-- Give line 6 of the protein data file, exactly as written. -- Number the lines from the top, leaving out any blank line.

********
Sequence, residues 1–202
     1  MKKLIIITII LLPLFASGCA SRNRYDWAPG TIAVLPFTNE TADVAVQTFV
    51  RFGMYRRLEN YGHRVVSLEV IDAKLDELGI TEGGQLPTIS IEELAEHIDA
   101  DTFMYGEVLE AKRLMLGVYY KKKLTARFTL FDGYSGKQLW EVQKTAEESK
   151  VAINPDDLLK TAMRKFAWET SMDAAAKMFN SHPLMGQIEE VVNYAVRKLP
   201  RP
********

   201  RP